When does a thing truly begin?

by Morgan Vogel Chinnock, h7 student and h2 assistant teacher

Did my healing practice really start when I rented an office in town and set up shop? Or did it begin years earlier when some Tracker friends invited me to join them in the unfamiliar experience of placing our hands on a woman with cancer? Or when, in a mountaintop sit spot, I clearly saw that I will be healed through healing others? Or when, as earnest sixth graders, my friend and I set up a counseling center under a tree during recess and invited our friends to come talk?

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When I started healing 1 at wildernessFusion in 2011, I didn’t know what I was getting myself into. I knew that healings with my friends had moved me. I knew I loved the ways of the earth I had been learning at Tracker School. Until the first h1 class, I never considered that I was attending this healing school to become a “healer.” Much of what called me to wildernessFusion classes moved beneath the surface of my consciousness.

All through h1, h2 and h3, I worked on a few people outside of class, but I felt afraid to go public with this work. I was afraid of what religious folks in my family and community would think. I didn’t know how to communicate what I’d experienced to someone who hadn’t experienced it. And I had many doubts about my value and effectiveness as a healer: perfect territory to explore in h2 and h3.

At the end of healing 3, my desire and the time felt right. Edgy, but right. I “hung up my shingle” and began by offering healing sessions at a local hot springs resort. I eased into making my practice public, but over time, I bought a massage table, rented my own space in town, put up flyers on community bulletin boards, ran a couple of “first-session-free” specials, started a website, got practice insurance, made business cards, participated in community events (offering short sessions in a booth), and joined my small town’s business association.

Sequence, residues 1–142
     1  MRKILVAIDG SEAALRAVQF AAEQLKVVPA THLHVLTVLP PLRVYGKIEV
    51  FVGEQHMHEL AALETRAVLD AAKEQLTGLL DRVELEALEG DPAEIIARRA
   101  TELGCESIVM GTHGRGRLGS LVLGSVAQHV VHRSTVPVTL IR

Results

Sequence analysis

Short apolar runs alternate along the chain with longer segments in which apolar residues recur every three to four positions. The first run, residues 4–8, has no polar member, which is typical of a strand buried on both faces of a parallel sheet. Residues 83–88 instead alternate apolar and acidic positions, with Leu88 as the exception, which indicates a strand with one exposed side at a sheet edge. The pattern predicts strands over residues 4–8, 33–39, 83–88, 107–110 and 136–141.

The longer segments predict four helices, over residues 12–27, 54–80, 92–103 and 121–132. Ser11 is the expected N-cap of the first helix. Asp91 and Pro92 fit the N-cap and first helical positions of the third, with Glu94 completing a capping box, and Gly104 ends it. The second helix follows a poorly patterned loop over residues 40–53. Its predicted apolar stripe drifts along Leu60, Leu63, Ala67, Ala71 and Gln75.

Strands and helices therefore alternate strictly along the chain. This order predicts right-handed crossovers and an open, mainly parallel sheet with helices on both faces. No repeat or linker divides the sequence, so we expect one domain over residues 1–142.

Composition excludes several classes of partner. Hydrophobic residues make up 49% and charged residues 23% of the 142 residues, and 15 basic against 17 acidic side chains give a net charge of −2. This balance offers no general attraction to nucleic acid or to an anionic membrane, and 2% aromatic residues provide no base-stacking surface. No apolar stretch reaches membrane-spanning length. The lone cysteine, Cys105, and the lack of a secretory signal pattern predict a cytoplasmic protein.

One of the most difficult decisions in opening my practice was whether I should charge for a healing session. How could I ask anyone for money in return for something I believed was their birthright? That shifted when I realized I could either continue to offer free healings and spend the majority of my time working other jobs, or I could charge for healings and consistently hold space and time for people to come see me. After I began charging, I was surprised to see that it helped most clients invest more in our sessions in non-monetary ways, as well.

Just over a year after I opened my practice, a massive wildfire swept through the communities I live and work in, changing our physical landscape, the demographics, and the landscape of my practice. Since then, other waves have affected my availability: a nausea-filled early pregnancy, and then cocooning away with my little girl for the first few months of her life.

From the beginning, and through all of these dynamics of change, something continues to amaze me: the flow of clients responds directly to my degree of openness to them. I have come to trust the ebb and flow of clients, and to realize the power I have to invite them, simply with my intent and readiness.

Now, with my daughter almost 11 months old, I see clients one day a week. For now, this is the perfect balance with everything else in my life. My practice has become an extension of who I am, not a thing I try to measure against what I think someone else would define as successful.

I’ve gotten to walk with people as they make small choices of great courage, as together we shift autoimmune conditions, anxiety and depression, cancer. I’ve also held people as they’ve chosen to continue their original trajectory or navigate shocking changes, but with new awareness. The work stretches me and challenges me to be more honest, again and again. It requires me to improvise, to connect, and to explore the inner workings of other people. I didn’t even know this sort of healing was a thing ten years ago.

It’s the most fulfilling work I could never have imagined.

Or: did I actually imagine it long ago and more recently choose the steps that walked it into being?

 

Morgan's healing practice is in Middletown, California. You can find her online at mothmoonhealing.com.

Sarah Moon